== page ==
The former co-anchor of Good Morning America: Weekend Edition and The View challenges others to follow God's calling instead of climbing the corporate ladder.
Paula Faris is known to most people as the former host of Good Morning America weekend edition and The View. She had climbed to the top of her field and become one of the most well known faces in broadcast media. And then, in 2018, she quit.
Why would someone who had reached the pinnacle of their career give it all up? The answer is simple: calling. In her new book, Called Out: Why I Traded Two Dream Jobs for a Life of True Calling, Faris shares her deeply personal journey to let get of her high intensity careers and pursue God's true purpose for her life.
Faris had known something was wrong for a while, but it took what she calls a "Year of Hell" to force her to make changes. During this year she went through a miscarriage, an attack on the job that left her out of work with a concussion, a car crash and pneumonia. The onslaught of physical ailments pushed Faris to a low point and made her face a truth she had been avoiding: she was addicted to a career God had not called her to do.
Just as many pastors feel called to a career in ministry, or an artist might feel called to a career as a painter, for Faris her persistence and commitment to telling the truth
led her to pursue journalism. It had felt like her career was a natural extension of who she was. She thought it was God's plan for her life.
"I always thought my calling was synonymous with my career or what I did for a living," Faris told Guideposts.org. "For a long time I didn't know how to describe calling except for 'what I'm doing.' It was always doing, not just being."
After seven months of hardship, Faris was at the end of her rope. In desperation, Faris cried out to God, asking why she had been called to something that was negatively impacting her marriage, relationships with her children and health. It took a lot of prayer and consulting with trusted advisors, but eventually Faris decided to meet with the president of ABC and leave her job.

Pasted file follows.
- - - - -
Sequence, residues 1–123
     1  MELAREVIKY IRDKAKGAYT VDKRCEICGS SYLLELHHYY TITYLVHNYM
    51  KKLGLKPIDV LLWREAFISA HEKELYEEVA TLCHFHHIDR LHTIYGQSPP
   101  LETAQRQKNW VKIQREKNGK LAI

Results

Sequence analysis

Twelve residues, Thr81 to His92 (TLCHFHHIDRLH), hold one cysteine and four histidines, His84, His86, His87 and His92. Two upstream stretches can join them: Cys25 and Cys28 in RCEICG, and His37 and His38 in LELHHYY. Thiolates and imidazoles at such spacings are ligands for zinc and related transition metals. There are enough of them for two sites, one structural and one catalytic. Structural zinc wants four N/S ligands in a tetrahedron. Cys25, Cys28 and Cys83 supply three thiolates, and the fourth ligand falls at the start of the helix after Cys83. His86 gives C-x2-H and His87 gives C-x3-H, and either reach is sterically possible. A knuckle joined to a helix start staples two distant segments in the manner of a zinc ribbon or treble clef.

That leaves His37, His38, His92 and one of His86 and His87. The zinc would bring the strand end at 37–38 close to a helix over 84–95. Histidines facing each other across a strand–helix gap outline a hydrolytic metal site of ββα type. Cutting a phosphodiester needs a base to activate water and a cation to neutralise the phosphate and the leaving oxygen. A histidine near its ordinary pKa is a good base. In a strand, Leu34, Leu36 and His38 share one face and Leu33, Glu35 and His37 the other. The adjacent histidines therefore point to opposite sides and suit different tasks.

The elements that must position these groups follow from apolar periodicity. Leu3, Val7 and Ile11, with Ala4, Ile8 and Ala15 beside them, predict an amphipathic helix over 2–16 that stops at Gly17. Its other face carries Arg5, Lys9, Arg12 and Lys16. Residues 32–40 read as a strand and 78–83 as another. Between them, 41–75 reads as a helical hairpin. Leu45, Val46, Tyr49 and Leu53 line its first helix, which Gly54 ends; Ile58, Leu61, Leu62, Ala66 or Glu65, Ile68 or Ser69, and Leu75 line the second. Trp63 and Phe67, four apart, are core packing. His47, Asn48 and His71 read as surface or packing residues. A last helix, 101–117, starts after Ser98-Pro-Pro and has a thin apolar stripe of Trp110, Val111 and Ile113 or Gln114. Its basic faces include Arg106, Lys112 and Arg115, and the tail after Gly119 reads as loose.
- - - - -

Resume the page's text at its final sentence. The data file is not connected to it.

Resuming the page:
"I didn't realize how much of my identity was totally wrapped up in what I did," Faris said. "As a woman of faith, I've long maintained that I'm not defined by what I do, I'm defined by who I am. And I am a wife and I'm a mother, I'm a child of God. But then after I burned out and decided I needed to take a break, I realized I didn't know who I was outside of my [job]."
Faris quit both of her jobs and took the time to pray and turn to trusted mentors to help guide her. She felt confident God had wanted her to leave her jobs, she wasn't sure what to do next. One thing that helped Faris was to make a distinction between vocation and calling.
Although she'd attended conferences on the topic and heard pastors speak about finding a calling, Faris still didn't know how to define it for herself. It wasn't until her father passed away and she began to go through his journals that she fully understood. She saw how centered he was in his faith outside of his job. She wrote Called Out as a "journalist's notebook on the topic."
"I didn't expect to be so lost. But then I didn't expect what I found either," Faris said. "What I found was that yes, we all have a faith calling that is totally separate from what we do. And that should be the thing that drives us throughout our life."
Vocation, on the other hand, Faris defines as tied to a specific job, which can change based on the season of your life or where you feel God leading you.
"It's like a vine and a branch," Faris explained. "My vine is my calling, which is to love God and love people. The vocation is just one branch."
Faris said that people can know they're being vocationally called to something if a job meets three criteria.
"You have to be good at it, you have to love it, and other people trusted people in your life have to recognize that you're not only good at it, but you love it."
After a lot of prayer and contemplation, Faris decided to launch a podcast talking to other people about their relationship with God. Journeys of Faith is broadcast on ABC Radio and has brought her the joy, passion and purpose she was missing from the jobs she thought were her dream. But she knows this is just one part of her calling, and that she may have different jobs in the future.
It hasn't been easy, but Faris now has balance in her life, and no longer relies on the accolades and titles of her jobs to bring her joy.
"I just want to encourage anyone that feels like they may be being called in a different direction," Faris said. "There's always an element of fear and always an element of faith involved, in any big decision. That's just part of life. You have to push through the fear."